I got out of prison on a Saturday. 10 years sure seemed like a long time to me when I was 21. Someone told me that my twenties would fly by. They told me I’d be married with a family before I knew it. Someone lied. Of course, my twenties were a bit different than that of most young gentleman. Most gentlemen my age were learning a trade or trying to court a woman. I was surviving. Come to think of it, I’ve always been surviving.
Oh, how rude of me, I haven’t even introduced myself. Phillip, professional thief – er – sorry. I was a professional thief before I got caught. It was a set-up. There was this job. It seemed like a pretty simple heist, but it turned out to be more complicated than that. They hired me to crack the safe, but that wasn’t actually what they wanted. They needed a fall guy to cover their escape and, being as young and naive as I was, the choice was obvious.
I don’t talk about it much. I used to bitter about it. It was hard for me to sleep at night, partly because of how horrible these beds were, if you could call them beds. I got used to them. No, it had a lot more to do with what I would think about after the guards turned out the lights. I used to fantasize about catching up to the guys who set me up and what I’d do to them if I ever caught them. That’s a pretty big “if” though. They were more like ghosts than people. I don’t even know their names. I hardly remember what they look like. And besides, that was years ago. 10 years is good time to think, but more importantly, it’s good time to forget. That’s what I wanted to do, at least.
Sunlight was breaking through the window above my “bed,” casting long, thin shadows from the window’s bars along the wall. I rolled over and looked at the calendar I carved into the same wall.
It was Saturday.
Getting out of prison was about as glamorous as getting in; lots of waiting, paper pushing, standing and hand cuffs. They had me change into some uncomfortable civilian clothes. They gave me an itchy shirt, patched trousers, suspenders with rusty clips, a jacket about as thick as a sheet of newspaper, some old shoes that didn’t fit, and a dirty hat. I’d never looked better in 10 years.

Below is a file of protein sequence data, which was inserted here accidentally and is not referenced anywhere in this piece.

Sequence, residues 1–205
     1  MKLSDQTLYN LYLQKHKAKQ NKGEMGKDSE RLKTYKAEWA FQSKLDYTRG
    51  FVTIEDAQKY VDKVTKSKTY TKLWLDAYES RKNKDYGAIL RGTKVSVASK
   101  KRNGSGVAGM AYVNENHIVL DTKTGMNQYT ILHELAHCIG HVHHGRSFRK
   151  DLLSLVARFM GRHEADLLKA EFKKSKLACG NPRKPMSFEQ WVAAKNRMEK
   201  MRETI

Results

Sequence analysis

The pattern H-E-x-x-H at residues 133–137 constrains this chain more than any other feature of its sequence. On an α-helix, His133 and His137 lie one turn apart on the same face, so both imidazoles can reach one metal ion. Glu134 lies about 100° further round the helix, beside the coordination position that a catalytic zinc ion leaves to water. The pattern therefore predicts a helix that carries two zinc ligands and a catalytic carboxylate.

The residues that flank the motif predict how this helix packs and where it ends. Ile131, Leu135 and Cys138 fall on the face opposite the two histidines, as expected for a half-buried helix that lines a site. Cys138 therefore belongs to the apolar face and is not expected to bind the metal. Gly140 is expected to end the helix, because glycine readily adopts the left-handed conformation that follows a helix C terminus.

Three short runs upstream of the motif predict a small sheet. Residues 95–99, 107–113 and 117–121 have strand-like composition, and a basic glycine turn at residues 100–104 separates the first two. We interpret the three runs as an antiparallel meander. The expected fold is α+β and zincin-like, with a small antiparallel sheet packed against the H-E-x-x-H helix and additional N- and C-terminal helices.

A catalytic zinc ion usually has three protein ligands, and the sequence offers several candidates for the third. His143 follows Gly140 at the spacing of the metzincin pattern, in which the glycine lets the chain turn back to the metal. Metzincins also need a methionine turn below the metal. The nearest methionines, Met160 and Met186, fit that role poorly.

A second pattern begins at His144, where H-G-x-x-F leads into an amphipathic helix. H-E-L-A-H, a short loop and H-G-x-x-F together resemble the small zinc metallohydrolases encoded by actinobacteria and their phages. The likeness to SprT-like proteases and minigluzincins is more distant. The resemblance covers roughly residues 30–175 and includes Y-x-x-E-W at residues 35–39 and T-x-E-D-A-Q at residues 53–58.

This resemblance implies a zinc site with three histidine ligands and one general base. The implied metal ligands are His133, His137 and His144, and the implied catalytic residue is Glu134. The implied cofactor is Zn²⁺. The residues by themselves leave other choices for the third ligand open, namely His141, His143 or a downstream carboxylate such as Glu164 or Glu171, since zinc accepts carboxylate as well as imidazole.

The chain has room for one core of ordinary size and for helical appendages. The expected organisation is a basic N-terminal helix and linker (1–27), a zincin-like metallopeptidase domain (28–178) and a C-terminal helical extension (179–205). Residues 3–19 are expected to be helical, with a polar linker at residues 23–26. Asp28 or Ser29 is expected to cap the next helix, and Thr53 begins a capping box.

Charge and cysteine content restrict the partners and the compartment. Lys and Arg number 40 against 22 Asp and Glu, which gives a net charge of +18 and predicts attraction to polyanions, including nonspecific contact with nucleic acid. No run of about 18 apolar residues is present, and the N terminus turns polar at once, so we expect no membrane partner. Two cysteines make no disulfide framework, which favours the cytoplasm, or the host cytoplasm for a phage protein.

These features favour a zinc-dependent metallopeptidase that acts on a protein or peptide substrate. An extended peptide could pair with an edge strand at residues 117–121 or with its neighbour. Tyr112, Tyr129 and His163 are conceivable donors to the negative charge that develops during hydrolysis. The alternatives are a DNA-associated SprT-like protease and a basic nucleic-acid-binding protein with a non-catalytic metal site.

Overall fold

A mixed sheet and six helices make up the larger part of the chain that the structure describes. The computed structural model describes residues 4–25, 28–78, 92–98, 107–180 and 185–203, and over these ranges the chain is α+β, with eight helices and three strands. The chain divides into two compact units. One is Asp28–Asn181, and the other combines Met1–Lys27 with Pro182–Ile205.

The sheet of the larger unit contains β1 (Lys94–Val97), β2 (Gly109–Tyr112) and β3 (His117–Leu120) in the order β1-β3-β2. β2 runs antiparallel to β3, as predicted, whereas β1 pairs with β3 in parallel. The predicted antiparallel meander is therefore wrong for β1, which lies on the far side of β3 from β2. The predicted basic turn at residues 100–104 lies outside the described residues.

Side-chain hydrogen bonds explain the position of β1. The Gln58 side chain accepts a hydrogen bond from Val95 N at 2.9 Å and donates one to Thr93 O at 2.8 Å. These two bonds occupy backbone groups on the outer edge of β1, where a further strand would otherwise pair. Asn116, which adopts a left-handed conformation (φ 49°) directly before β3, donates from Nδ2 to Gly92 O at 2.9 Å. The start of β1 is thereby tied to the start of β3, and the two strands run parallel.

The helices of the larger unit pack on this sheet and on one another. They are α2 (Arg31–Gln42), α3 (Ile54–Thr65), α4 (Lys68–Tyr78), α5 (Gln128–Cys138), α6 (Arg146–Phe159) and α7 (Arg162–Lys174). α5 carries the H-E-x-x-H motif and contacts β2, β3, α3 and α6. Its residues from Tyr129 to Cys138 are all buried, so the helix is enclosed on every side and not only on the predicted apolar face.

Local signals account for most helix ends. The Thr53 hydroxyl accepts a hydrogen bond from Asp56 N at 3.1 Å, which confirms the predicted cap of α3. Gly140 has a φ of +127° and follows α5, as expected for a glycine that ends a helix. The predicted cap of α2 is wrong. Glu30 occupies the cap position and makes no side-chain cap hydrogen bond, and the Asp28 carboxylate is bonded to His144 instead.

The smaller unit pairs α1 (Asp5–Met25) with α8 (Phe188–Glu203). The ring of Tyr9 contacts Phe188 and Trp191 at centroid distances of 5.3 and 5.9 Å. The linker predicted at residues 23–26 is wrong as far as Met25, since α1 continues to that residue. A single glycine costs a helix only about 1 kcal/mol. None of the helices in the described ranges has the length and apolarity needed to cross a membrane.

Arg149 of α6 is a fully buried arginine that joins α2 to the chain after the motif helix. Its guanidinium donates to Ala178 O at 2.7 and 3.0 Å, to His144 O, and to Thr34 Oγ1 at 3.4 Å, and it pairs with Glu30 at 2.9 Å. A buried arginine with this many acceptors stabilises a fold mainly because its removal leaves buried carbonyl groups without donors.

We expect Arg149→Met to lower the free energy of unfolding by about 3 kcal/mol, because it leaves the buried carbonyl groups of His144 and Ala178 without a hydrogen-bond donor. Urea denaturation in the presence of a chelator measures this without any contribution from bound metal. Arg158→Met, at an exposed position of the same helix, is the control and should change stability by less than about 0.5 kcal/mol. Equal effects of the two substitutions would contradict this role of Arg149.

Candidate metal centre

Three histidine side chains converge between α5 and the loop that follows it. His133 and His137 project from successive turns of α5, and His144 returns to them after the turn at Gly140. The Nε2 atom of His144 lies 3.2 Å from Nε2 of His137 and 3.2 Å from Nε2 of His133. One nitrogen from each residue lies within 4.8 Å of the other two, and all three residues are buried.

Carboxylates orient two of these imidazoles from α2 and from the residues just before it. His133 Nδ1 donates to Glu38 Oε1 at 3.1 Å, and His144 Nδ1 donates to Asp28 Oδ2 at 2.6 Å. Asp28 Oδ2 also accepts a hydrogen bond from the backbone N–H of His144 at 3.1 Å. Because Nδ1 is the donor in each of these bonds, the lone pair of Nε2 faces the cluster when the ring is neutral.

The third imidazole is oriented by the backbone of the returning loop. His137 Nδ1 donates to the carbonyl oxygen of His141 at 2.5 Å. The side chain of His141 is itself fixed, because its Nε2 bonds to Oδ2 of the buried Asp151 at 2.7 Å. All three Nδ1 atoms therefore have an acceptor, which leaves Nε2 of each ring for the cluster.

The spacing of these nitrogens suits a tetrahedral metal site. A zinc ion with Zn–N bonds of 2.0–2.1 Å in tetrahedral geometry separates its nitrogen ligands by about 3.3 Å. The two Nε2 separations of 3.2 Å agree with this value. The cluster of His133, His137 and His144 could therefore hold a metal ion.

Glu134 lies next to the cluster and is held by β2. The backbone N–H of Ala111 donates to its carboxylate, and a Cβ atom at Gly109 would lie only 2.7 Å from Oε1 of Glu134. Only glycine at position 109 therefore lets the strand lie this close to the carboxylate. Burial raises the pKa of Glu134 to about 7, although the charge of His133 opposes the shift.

Once I was changed and they had finished stamping all my papers, they walked me outside to the gate. There, they handed me a burlap sack and told me this was to help me start a new life. The warden walked over to me. He took off my cuffs and shook my hand.
“Congratulations, Phillip,” he said, gesturing toward the road beyond the gate. “You’re free to go.”
He smiled at me. I feigned a smile back. I walked out the gate and heard it to whine to a thud as it closed.
And that was it.
The prison was located on a hill not far out from the city. I stood on the street for a few minutes taking in the city before me. Sunlight hit my face. It was warmer, somehow fresher than in the prison yard. I took a deep breath. The air tasted better. It was less stale. A breeze caught my jacket a tossed my dark hair. I cracked a smile for real this time. I looked down at the city wondered how much it had changed in 10 years. I untied the drawstring on the sack and looked inside. There was another pair of trousers, another shirt, two pairs of underwear, $100, and a sandwich. I don’t know if this was supposed to be a joke, but I chuckled like it was. I wasn’t sure how they expected those things to help me start a new life, but nevertheless, I tied the sack up again and slung it over my shoulder. I turned, took one last look at my home of the last 10 years, and started walking down the road toward the city.